A colleague and I just returned from Internet Retailer Web Design ’10. We were part of a large team of user experience professionals enlisted to provide advice to attendees on issues of concern about their online presence. During the two days filled with site reviews, we fielded questions on every possible topic, but two themes emerged that highlight two hard realities of eCommerce.
The first is that there’s a heightened awareness that no matter how long or how hard we work on the launch of a new web site, we never launch with the complete set of functionality we dream of. It’s a hard reality to swallow, and daunting in some cases, considering the work doesn’t end with a launch but rather just begins. And in this economic environment, retailers sense all the more urgency to build out the capabilities that had been de-scoped from the first release. Several very large retailers I spoke with who had re-launched in the prior 18 months and were looking for advice on polishing what they have, prioritizing new features based on value to the customer experience, and identifying new ways to more deeply engage audiences.
The second theme, one that’s particularly close to my own heart, was the desire to move business KPIs by building better online experiences. The retailers I spoke to were enthusiastic but weren’t sure how to connect the dots in the online retail channel. In practice, I’ve seen good experiences move billions in online sales, deeper brand engagement and loyalty, and captured greater share of lifetime wallet. And fundamental to nurturing happy customers, I believe, is offering them something of value – in fact, smart merchandising is something customers find valuable (and something I bet Amazon would agree with).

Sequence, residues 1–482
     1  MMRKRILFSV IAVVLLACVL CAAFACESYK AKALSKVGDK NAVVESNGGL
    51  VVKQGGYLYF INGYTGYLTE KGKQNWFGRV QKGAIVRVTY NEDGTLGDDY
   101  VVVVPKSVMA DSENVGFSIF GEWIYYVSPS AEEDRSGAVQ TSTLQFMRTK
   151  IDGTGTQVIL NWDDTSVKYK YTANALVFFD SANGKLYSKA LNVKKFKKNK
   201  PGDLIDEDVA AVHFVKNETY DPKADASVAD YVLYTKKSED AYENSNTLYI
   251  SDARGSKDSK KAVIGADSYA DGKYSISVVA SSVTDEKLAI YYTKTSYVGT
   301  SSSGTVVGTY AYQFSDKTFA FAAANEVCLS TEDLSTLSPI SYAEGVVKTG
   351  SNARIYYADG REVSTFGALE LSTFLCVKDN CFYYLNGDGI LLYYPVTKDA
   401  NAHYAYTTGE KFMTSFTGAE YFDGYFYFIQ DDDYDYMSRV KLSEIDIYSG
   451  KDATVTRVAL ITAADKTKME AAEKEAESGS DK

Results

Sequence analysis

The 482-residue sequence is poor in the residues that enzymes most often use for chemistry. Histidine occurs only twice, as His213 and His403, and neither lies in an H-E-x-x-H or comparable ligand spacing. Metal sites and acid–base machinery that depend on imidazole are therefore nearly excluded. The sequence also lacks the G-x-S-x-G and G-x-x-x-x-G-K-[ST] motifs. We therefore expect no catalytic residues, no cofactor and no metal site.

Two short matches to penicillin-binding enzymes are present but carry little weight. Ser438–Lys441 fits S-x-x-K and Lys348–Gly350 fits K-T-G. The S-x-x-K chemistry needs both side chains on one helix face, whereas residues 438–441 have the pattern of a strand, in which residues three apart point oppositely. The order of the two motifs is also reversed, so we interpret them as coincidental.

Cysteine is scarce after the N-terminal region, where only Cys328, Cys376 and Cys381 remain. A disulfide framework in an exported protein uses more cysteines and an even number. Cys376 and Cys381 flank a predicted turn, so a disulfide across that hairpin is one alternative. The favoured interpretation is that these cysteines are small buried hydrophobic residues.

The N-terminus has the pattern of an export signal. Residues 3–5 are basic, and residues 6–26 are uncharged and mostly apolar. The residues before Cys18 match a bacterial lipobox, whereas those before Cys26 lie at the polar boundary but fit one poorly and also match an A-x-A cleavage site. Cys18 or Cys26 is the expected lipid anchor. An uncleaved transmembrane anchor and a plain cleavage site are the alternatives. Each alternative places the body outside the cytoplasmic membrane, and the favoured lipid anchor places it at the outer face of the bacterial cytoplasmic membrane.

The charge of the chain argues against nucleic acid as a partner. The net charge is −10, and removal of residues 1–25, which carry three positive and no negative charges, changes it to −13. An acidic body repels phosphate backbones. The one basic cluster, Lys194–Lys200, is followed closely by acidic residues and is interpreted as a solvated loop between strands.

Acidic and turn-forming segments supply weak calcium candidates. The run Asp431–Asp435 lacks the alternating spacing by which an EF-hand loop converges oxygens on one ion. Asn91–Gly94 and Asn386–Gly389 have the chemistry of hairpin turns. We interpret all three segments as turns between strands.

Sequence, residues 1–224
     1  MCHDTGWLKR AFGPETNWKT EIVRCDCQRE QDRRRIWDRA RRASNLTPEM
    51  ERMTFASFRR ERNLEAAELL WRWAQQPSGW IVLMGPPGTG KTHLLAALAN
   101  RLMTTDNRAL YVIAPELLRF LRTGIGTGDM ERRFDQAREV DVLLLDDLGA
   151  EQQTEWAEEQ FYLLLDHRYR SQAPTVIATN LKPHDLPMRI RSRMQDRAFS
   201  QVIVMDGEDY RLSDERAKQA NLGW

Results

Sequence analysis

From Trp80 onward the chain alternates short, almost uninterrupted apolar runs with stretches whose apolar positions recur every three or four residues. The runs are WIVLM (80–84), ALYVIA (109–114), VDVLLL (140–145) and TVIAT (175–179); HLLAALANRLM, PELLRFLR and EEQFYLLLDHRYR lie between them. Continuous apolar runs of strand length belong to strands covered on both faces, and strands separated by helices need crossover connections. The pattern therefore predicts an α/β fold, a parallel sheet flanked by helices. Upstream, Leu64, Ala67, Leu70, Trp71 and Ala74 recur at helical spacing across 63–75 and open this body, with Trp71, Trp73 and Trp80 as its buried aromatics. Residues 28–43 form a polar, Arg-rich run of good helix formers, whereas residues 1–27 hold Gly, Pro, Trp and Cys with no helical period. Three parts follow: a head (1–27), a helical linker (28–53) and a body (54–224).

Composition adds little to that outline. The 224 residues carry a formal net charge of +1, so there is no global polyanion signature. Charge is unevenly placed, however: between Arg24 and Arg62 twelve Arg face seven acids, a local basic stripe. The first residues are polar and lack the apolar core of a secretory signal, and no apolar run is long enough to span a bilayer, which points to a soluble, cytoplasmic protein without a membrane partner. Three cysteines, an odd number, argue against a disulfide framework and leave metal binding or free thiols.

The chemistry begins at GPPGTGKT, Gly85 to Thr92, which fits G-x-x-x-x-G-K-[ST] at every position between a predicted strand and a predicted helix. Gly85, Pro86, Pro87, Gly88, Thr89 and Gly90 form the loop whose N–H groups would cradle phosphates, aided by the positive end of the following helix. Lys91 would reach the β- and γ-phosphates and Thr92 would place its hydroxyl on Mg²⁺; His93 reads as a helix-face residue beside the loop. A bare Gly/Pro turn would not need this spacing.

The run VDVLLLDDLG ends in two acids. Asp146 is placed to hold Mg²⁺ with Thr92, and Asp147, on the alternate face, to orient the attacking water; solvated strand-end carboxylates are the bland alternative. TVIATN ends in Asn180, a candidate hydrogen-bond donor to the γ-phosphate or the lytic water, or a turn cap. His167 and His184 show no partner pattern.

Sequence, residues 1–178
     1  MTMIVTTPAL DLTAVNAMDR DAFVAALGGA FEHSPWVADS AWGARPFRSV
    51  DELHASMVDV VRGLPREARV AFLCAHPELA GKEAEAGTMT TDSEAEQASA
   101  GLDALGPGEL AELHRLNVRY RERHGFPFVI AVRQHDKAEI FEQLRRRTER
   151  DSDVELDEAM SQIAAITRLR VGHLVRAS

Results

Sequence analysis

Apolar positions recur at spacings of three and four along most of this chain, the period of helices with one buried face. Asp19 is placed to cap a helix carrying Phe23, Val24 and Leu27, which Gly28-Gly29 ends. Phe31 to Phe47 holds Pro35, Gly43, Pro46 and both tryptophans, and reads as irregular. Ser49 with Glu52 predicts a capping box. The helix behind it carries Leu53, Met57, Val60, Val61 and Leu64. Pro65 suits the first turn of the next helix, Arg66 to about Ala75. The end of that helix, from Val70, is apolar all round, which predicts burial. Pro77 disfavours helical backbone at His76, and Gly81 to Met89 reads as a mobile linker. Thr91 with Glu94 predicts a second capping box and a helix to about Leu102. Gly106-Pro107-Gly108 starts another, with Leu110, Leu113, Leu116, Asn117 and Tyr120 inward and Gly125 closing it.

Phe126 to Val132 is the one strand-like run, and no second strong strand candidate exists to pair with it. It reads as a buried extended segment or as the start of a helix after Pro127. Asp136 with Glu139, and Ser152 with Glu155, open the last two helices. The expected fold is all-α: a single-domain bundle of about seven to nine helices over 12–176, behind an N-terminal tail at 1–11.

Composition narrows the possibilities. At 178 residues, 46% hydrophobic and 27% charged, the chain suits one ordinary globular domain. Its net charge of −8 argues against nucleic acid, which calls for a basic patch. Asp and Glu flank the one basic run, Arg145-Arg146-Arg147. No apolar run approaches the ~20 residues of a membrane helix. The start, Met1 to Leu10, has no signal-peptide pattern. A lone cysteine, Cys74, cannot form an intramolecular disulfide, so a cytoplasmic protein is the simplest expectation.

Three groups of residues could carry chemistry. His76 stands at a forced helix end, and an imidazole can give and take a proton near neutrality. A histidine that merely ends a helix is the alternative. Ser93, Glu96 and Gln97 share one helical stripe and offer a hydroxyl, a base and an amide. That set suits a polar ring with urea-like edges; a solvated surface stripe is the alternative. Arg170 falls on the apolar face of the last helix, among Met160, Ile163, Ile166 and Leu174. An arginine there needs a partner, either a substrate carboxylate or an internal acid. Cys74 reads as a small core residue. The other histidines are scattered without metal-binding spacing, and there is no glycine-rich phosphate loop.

The role of smart merchandising as a value-add service for customers can move three of the most important retail KPIs: conversion, average order value, and average units per order. By efficiently managing product content to cross-sell at the right time, to up-sell at the right time, and to persuade customers to convert at the right time, retailers can create experiences that customers will value, will respond to, and will recommend to their family and friends.
So my advice to retailers is twofold: embrace the “always beta” nature of online retail and take pleasure in creating good customer experiences that drive business results. As a former boss of mine would observe, they’re good problems to have.